Gone Floatabout

Sailing, Photography, Wilderness

Foul Weather Gear Review

Leave a comment

Landfall in AlaskaSeveral people have asked us about our new (new this past spring) Helly Hansen foul weather gear, in person and on this blog, so here’s our review after testing it out this summer in Alaska and this fall on the West Coast.

Women’s Aegir Ocean Race jacket:

Ellen on passage to SF

Verdict: Excellent, highly recommended! I thought I would wear it only in rough conditions, but I’ve actually worn it much more than that because it’s so comfortable.


What I like:

  • Lightweight! It’s not heavy, and it’s easy to move around in and do things like reefing, grinding winches, etc.
  • Waterproof and windproof. This should be a no-brainer, but I’ve never had a jacket so waterproof that the spray and rain beads on it.
  • Shell only. It’s not an insulated jacket, so it’s not bulky and I can choose how much I want to layer up underneath. So it’s versatile, though I admit I wore it more in the cold of Alaska than the milder conditions of California.
  • Cut of the hood – I don’t lose my peripheral vision when it’s up.
  • Just enough pockets. Not so many to be bulky, not so few as to be frustrating.
  • Very visible: fluorescent yellow hood, reflective patches, and bright red color.
  • Length in the back. Not too long to be annoying but long enough to keep my bum dry!
  • Dry cuffs – inner and outer – both with velcro closures.
  • Big, easy to use, waterproof zippers.

Best Feature: The very high collar. As soon as I zip it up and velcro the front flap over, the collar completely cuts the wind around my neck and the back of my head, which instantly makes me warmer. This feature alone makes me dig out this jacket even when the weather is fair but the wind is chilly. The hood rolls up nicely in it, too.

Qualms? Not really, but it is HH’s top of the line Women’s foul weather jacket, and the price reflects that.

Sizing: I usually wear an XS but got a Small so that I could wear base layers, a wool sweater, and a down jacket for high latitude night watches in the cockpit. It’s a little tight with all that on but when I’m only wearing a shirt underneath it’s not overly big either. Ellen tending the chute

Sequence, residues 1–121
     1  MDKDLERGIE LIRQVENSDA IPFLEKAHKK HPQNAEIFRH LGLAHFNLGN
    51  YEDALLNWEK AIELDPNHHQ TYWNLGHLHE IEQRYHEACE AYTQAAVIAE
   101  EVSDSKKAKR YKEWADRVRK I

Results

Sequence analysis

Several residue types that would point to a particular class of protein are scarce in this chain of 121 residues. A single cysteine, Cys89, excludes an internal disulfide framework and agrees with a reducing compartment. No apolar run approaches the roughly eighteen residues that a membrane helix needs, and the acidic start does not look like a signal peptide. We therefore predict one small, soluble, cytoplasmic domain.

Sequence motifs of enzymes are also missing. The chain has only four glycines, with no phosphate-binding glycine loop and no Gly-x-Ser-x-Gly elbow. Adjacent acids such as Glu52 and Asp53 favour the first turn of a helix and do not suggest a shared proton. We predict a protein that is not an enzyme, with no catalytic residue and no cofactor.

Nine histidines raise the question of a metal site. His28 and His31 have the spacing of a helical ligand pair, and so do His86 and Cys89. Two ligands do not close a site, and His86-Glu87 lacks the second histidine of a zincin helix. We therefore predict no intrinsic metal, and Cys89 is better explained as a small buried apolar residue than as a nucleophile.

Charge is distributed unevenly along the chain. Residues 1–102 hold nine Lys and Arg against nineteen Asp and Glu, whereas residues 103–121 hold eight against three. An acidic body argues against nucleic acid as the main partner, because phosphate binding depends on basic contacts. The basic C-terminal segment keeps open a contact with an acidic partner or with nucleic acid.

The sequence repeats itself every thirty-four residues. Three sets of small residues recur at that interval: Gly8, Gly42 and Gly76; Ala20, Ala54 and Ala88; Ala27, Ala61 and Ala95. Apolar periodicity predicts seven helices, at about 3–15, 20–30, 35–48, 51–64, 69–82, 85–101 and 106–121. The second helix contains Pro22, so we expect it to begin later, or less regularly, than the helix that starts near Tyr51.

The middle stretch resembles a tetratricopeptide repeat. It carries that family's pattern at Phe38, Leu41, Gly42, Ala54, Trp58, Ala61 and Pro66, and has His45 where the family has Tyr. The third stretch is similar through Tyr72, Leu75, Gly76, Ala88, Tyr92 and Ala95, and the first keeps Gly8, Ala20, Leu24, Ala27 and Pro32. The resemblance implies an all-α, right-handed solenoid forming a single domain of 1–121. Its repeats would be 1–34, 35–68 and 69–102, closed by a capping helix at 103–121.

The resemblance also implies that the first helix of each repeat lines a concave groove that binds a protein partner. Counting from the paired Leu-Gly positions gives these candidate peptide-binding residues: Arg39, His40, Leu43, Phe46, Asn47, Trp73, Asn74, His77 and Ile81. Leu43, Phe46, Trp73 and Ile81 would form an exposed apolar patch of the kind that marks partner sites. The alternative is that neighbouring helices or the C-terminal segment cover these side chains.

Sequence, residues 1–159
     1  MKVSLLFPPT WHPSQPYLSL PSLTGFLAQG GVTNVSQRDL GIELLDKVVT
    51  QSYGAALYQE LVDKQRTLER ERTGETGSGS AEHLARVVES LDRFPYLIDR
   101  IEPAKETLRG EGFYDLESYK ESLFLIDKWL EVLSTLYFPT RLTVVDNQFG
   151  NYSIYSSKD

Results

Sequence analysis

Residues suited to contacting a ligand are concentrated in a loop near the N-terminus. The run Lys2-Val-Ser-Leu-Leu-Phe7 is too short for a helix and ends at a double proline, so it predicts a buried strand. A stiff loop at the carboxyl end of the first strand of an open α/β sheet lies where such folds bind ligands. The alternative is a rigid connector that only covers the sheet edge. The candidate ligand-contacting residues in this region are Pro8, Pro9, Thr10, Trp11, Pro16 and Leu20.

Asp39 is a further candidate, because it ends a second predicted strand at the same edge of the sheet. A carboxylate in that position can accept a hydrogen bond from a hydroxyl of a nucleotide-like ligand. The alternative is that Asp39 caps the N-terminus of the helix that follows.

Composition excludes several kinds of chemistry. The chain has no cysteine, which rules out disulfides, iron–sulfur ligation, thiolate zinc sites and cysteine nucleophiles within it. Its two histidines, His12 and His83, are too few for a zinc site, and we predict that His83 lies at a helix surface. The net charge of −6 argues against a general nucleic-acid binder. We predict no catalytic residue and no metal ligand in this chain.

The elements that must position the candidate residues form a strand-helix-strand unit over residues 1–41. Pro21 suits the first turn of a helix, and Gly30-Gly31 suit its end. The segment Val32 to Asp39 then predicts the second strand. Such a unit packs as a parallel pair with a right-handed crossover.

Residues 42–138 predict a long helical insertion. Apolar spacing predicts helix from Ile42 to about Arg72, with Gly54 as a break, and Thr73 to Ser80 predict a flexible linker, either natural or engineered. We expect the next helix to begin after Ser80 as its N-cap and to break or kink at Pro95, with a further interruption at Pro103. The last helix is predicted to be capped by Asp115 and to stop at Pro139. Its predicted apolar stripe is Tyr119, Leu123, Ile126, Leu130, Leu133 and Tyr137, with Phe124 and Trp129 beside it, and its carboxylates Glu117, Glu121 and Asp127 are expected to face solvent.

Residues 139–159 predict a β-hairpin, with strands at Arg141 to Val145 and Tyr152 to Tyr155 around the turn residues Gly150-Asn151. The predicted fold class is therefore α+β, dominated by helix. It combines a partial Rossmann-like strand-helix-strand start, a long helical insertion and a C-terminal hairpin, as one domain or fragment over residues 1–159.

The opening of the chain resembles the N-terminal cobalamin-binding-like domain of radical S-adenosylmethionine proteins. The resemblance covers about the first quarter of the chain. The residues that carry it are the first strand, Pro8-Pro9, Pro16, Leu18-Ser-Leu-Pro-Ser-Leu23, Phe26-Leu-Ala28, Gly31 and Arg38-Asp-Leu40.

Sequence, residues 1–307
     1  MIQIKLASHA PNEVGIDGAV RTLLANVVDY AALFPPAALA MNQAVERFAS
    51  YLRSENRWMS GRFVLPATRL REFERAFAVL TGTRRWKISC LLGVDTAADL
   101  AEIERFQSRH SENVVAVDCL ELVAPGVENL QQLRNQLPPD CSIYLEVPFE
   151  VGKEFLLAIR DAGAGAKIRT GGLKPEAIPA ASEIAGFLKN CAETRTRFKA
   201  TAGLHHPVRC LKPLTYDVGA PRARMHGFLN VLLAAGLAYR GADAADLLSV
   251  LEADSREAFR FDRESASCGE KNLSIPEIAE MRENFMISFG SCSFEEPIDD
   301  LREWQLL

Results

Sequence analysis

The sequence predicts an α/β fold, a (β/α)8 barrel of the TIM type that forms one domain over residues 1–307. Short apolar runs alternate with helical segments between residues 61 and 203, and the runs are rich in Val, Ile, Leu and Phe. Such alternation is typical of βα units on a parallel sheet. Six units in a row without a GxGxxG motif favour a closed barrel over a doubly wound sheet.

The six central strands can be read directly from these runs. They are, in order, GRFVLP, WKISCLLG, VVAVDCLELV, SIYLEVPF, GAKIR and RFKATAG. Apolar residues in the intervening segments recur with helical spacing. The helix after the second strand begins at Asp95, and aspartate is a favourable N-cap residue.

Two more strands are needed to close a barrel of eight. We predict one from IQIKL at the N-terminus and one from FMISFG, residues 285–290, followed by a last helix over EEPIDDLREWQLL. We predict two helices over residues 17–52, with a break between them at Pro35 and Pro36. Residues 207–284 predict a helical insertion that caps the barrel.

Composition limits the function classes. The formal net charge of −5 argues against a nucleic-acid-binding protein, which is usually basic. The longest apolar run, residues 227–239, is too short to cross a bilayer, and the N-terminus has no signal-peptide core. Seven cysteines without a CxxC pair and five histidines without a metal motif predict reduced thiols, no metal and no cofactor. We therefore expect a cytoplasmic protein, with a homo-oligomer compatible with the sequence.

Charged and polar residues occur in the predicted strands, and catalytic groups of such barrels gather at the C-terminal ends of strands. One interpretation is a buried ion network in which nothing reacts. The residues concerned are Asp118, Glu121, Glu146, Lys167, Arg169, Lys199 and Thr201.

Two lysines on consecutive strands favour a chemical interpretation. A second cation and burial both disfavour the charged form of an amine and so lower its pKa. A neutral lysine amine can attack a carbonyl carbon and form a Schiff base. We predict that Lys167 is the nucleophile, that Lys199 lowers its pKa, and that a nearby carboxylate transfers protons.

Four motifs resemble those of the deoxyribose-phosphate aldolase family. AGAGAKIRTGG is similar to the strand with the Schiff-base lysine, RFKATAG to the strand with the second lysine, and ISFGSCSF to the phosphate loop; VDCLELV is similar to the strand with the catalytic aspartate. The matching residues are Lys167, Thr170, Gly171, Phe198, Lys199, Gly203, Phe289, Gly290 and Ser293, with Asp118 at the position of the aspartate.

Newport Pants: Men’s and Women’s:

Verdict: Great, highly recommended. We both wear them all the time.

Best features: Lightweight, not bulky, very wind- and waterproof (again, water beads on them!), comfortable, good fit, easy to move around and work in. Plus, I love the drop-seat in the ladies’ version! 🙂

Qualms? I wish they had little pockets for your hands for when you’re not wearing a jacket.

Sizing: The women’s seems to run big – I got an XS and it’s perfect, even with two layers of long underwear underneath. The men’s runs normal – Seth has a medium and it fits him well.

Tying down the lace-line

Seth ties down the laceline after reefing

Other HH jackets (Men’s and Women’s):

Seth and I both have what are basically earlier versions of the “coastal” line, although, as we’ve proved, they’re great offshore jackets as well.  We wear them all the time, ashore and afloat, and again we love that they’re lightweight, not bulky and yet have enough pockets for pretty much everything we need. They’re fully waterproof and windproof, but without the super high collar of the Aegir Ocean Race jacket, they don’t give quite the same protection. That’s not a problem for warmer weather sailing, though, and they’re definitely our go-to jackets in most conditions.

So that’s that. Hopefully this review has been helpful for those who are interested or are thinking of getting new foul weather gear, or even just rain gear.

Author: Ellen

sailor, writer, photographer

Share your thoughts

Fill in your details below or click an icon to log in:

WordPress.com Logo

You are commenting using your WordPress.com account. Log Out /  Change )

Google photo

You are commenting using your Google account. Log Out /  Change )

Twitter picture

You are commenting using your Twitter account. Log Out /  Change )

Facebook photo

You are commenting using your Facebook account. Log Out /  Change )

Connecting to %s